Philadelphia, perhaps more than any other major skate city, exists in a bubble. It ignores the superficial signifiers of “cool” that we have created for ourselves. Whatever aesthetic we come to expect of a video made by a bunch of twentysomethings in the 2010s doesn’t reach Philadelphia. People from Philly will claim its four or five years “out of touch.” That number could be doubled or tripled depending where you look.
Philly kids make videos for people in Philly, where the decade-plus since Photosynthesis and The DC Video never happened. People still rock the shoes Kalis wore, do lines the way Tim O. did, and nosegrind how Wenning once nosegrinded. There’s a cult around that era and its videos, in a way that’s incomparable to pretty much any other mythologized skate scene — right now, dudes in S.F. aren’t going out of their way to track down Rob Welsh’s Aesthetics pro model or Scott Johnston Lakais.
Most skate videos reward the viewer in a simple way: you watch them to get hyped, try a trick, or maybe copy someone’s style if that’s your thing. Sabotage 4, after sitting with it for a month or so, unpacks footnotes and homages with each viewing. Just as a sample in a hip-hop song has an invitation to try and put your finger on the original sound, or The Simpsons will wink at classic movies, Sabotage 4 comes from a similar place. The video pokes the viewer in the ribs, testing the geek-levels of anyone well-versed in the folklore of peak Alien Workshop-era Philadelphia skateboarding. It celebrates its inspirations beyond the tricks.
Acknowledging history in skate videos isn’t a new thing. Muska was just talking about the Gonz and Duffy homages in his Fulfill the Dream part, and anytime someone does back-to-back regular and switch variations of the same trick at the same spot we think “Arto.” Except Sabotage ramps up the nerdery tenfold — the framing of tricks, the careful curation of cameos, the tracking down of 7.4″ boards that haven’t been printed since the Twin Towers were still standing, and the recreation of once seemingly disposable minutiae of earlier videos. There’s more to it than “this trick at this spot.”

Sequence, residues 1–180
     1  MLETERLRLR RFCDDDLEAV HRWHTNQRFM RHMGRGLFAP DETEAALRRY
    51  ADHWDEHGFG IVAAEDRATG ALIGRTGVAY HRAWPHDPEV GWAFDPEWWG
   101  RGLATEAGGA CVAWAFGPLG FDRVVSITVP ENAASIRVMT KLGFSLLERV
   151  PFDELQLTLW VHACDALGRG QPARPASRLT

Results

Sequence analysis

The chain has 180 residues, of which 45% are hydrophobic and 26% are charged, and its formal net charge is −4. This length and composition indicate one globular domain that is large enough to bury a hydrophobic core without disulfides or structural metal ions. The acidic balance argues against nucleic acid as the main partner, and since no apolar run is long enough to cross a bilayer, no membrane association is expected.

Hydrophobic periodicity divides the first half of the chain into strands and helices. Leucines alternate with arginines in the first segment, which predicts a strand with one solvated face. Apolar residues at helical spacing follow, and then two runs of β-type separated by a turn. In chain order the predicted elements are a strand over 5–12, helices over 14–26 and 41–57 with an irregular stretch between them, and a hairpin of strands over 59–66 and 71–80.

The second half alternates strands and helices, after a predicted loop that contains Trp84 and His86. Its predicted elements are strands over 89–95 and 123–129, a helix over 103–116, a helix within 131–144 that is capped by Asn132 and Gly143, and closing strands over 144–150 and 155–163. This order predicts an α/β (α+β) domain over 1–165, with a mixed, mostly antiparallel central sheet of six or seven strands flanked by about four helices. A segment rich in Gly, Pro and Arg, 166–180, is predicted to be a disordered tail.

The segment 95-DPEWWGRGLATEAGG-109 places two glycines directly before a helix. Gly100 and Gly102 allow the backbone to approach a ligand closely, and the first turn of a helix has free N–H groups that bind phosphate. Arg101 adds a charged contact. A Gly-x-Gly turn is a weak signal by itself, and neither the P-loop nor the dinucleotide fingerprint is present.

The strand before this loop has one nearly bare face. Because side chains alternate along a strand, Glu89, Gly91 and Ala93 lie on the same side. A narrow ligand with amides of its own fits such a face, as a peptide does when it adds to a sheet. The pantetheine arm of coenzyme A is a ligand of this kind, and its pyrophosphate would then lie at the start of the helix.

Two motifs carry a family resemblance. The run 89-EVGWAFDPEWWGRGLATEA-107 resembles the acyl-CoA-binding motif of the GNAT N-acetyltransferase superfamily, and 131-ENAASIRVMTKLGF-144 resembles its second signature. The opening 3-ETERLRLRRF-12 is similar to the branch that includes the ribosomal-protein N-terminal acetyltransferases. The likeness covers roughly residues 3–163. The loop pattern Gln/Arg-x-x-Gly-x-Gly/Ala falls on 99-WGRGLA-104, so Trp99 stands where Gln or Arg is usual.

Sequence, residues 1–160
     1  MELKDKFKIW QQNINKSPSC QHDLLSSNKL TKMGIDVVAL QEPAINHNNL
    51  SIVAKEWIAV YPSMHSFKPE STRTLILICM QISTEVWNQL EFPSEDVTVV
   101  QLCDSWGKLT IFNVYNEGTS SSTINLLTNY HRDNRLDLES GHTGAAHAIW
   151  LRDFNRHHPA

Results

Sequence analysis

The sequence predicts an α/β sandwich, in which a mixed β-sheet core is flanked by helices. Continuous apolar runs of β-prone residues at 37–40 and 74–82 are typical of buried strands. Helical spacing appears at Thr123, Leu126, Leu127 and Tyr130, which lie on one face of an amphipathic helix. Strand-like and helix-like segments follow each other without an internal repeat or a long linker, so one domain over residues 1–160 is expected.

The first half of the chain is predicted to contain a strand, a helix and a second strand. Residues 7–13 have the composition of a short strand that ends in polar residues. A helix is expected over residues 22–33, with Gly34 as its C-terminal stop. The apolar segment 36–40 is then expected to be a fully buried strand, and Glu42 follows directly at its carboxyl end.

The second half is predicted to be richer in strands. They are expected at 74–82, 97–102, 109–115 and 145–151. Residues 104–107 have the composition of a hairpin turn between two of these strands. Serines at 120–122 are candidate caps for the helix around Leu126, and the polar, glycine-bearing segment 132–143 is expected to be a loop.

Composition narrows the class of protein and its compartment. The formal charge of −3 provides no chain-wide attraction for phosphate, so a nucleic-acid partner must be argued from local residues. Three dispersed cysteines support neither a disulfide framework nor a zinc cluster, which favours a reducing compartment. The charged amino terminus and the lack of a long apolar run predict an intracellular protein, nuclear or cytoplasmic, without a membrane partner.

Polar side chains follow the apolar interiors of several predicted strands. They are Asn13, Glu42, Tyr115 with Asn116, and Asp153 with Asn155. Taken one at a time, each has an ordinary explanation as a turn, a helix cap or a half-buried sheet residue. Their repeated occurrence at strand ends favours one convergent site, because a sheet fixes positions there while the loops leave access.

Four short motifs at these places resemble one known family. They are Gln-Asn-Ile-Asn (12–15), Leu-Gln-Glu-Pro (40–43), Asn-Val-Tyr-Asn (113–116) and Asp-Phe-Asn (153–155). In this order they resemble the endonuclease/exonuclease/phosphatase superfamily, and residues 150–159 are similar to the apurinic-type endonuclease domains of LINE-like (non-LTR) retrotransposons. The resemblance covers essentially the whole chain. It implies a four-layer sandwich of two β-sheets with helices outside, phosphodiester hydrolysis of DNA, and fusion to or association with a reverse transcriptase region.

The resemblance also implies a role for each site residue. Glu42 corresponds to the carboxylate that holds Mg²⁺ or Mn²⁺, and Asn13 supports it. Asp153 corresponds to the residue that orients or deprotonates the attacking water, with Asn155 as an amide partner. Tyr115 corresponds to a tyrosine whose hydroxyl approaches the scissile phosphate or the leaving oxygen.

Sabotage 4 is as much a nerd scavenger hunt for references as it is a video of incredible skateboarding. Philly isn’t out of touch as it is justifiably still in love with itself and its rich history. Why look elsewhere for inspiration when they more-or-less steered the evolution of street skateboarding on this side of the country? People in New York didn’t start learning switch back tails ’til like ’99 ;)
Of all the micro-“controversies” that get aired out on skateboard Instagram throughout a given week, the Kalis noseblunt ad one was maybe the most confusing. Here was a fifteen-year-old pro model shoe ad of an honorary Sabotage member being reworked to promote the pro model shoe of another Sabotage member. Its intentions came from the same place as the framing on Sourbeer’s nollie nosegrind shove, or the 2001 Kalis pro model under Panebianco’s feet. Maybe the corporate sponsor had something to do with the nod missing the target, but its hard to believe Suciu didn’t have some hand in its creative direction. Just one nerd bigging up another, from the most unforgivably nerdy regional skate crew operating today.
If Sabotage 4 ends up being the last Love Park video ever — and it very well might be — this chapter of history couldn’t ask for a better swan song. There’s nothing about the video the seems the least bit concerned with the fickle outside world of cool-guy skateboarding. They might skate at J. Kwon or even Madrid but its sensibilities remain charmingly Philadelphia. Love will forever be the most storied spot in the narrative of this silly thing we do. It is only right to keep one foot in the past if you’re still fortunate enough to skate it every day.